Too often, someone who doesn’t understand addiction as a brain disease might say, “Well, if they really wanted to quit, they would.” This myth is all too common, and makes it even more challenging for people to consider substance abuse treatment and recovery. Willpower alone can’t help stop addiction—but it might aid aspects of recovery in the future.
Willpower: What It Is…and Isn’t
Also known as the “psychological science of self-control,” the American Psychological Association (APA) defines willpower as “the ability to resist short-term temptations in order to meet long-term goals.” The APA outlines other important characteristics:
- The capacity to override an unwanted thought, feeling, or impulse.
- The ability to employ a “cool” cognitive system of behavior rather than a “hot” emotional system.
- Conscious, effortful regulation of the self—by the self.
- A limited resource capable of being depleted.
The APA shares data from Roy Baumeister, a psychologist and willpower researcher at Florida State University. He outlines three primary factors that help people accomplish their objectives:
- Internal motivation for change and the establishment of a clear-cut goal
- Monitoring behavior to achieve that goal
- The application of willpower, or impulse control
This seems like a simple step-by-step process, right? For many people, it can be. But for people struggling with drug or alcohol addiction, there’s a critical component missing from this equation: impulse control.
Why Addiction Is Compulsive Behavior
According to the American Society of Addiction Medicine, the definition of addiction is “a treatable, chronic medical disease involving complex interactions among brain circuits, genetics, the environment, and an individual’s life experiences. People with addiction use substances or engage in behaviors that become compulsive and often continue despite harmful consequences.”
Substance use disorder (SUD) and alcohol use disorder (AUD) develop for numerous reasons, but one primary biological cause is that the ventral tegmental area—the reward and motivation center—of the brain is hijacked by chemical substances. This region releases high levels of dopamine, creating cravings associated with whatever substance caused that response. This impacts cognitive function and decision-making ability.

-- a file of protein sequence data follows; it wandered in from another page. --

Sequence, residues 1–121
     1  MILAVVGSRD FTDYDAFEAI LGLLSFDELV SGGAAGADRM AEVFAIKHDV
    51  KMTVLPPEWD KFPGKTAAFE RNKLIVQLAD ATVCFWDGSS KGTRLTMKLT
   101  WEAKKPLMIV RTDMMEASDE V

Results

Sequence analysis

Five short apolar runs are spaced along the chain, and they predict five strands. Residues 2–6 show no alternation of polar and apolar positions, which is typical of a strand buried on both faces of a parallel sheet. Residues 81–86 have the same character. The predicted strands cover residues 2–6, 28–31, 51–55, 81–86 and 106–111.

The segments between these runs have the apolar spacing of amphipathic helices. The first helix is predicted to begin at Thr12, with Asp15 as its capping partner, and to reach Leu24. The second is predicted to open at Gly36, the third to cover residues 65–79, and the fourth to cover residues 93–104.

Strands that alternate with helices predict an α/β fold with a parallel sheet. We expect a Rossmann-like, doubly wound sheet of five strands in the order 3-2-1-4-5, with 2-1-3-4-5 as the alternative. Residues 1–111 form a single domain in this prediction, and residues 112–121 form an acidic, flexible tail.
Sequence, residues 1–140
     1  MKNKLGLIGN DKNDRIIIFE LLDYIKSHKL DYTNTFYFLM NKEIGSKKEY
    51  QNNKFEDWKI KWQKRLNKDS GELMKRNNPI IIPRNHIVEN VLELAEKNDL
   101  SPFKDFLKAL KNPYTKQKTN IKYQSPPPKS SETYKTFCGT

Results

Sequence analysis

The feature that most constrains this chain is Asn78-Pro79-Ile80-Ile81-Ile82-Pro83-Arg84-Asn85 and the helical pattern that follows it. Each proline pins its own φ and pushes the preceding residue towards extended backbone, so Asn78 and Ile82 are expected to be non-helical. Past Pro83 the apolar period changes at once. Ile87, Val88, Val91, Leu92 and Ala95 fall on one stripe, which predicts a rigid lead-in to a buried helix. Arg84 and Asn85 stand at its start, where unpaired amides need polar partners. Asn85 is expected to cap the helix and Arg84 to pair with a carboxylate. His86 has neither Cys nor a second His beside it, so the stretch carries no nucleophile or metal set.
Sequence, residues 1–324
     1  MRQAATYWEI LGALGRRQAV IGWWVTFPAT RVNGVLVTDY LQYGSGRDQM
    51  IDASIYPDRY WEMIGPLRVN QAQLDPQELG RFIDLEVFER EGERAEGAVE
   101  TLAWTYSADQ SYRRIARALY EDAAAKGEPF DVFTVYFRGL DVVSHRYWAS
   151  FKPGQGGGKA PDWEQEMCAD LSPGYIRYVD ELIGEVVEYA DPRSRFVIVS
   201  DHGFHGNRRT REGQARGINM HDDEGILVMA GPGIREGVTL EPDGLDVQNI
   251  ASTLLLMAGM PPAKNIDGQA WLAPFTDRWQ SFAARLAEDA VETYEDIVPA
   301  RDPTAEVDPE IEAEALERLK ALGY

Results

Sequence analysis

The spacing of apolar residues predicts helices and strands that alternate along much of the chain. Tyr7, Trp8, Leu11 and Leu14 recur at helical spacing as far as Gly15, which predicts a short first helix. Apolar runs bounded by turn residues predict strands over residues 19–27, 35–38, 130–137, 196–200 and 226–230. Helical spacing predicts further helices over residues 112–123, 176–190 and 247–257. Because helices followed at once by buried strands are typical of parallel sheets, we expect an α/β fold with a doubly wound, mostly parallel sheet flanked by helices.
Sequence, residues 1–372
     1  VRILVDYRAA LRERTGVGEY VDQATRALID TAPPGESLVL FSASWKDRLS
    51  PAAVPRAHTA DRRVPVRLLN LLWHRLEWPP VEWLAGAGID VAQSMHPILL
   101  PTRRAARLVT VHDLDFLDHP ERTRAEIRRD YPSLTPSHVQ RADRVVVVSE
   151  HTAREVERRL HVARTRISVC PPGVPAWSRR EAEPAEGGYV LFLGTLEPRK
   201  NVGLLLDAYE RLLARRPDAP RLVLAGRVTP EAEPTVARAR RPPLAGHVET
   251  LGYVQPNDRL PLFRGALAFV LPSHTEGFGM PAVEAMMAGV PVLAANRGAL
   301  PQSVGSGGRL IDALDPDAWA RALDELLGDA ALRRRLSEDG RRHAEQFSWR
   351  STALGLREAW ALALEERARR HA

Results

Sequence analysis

Further, the brain develops “reward prediction errors” or cues associated with the substance, which manifest into compulsive behaviors to achieve a reward the same as or greater than the reward provided by the substance.
Actual Mind Control
No matter how powerful key external factors might be to help someone have the willpower to just quit using—such as family, friends, home and employment security, and others—the physiological control addiction has on a person’s brain activity makes stopping difficult.
This is why treatment often unfolds in stages. SUD and AUD can’t be cured, but like other chronic diseases, they can be managed effectively. Professional addiction treatment teaches clients to develop methods of willpower and self-care that will help them maintain a healthy way of life.
How to Improve Willpower During Recovery
Can we increase our willpower, or self-control? Scientists say yes, but with a caveat: when someone has to exert more willpower in other areas of life, it’s more challenging to stick to healthy behaviors that require self-control. This is another reason why willpower is considered a limited resource. None of us can be expected to get chewed out by the boss, drive home in stressful rush-hour traffic, and walk in the door to find the dog has been sick all over the living room floor without getting a little frazzled.
Someone in recovery requires a larger toolbox of resources to help support their capacity for self-control. Here are some ideas:
- Foster healthy routines and rituals. These provide numerous benefits, including a focus on purpose and priorities, connection to our core values, and a form of ceremony that enhances our mental and emotional well-being.
- Expand holistic solutions. From yoga and proper sleep habits to breathing techniques and whole-food nutrition, these and other practices prop us up when we need it the most.
- Choose alternative pain management therapies. No one can be expected to handle pain—especially chronic pain—gracefully or suffer in silence without difficulty. Fortunately, there are many remedies for people in recovery.
- Learn to manage anxiety. Whether you have an anxiety disorder or tend to worry a bit too much when circumstances are out of control, daily care routines and support groups help provide balance.
- Clarify and resolve elements of trauma. You don’t deserve to be stuck in an endless loop of cause and effect, and healing from trauma will allow your internal resources to replenish more quickly.
- Understand your relapse symptoms. No one recognizes these better than you do—but a true example of determination and self-control is if you’ll take action to get a handle on them before the situation becomes too dire.
Learning to build resilience and willpower takes time, but your journey of recovery is a lifelong process of self-discovery and a testament to your power of perseverance.
Build a Strong Network of Support through Cottonwood Tucson
Another essential component to your ability to improve willpower is to have a network of support you trust. Alumni of Cottonwood Tucson can use the CaredFor app to connect, engage, and support one another. We also have an active private Facebook group and share valuable information on our public page.
Willpower alone won’t change the course of addiction, but evidence-based treatment will. Call us today if you or a loved one is ready for the promise of healing.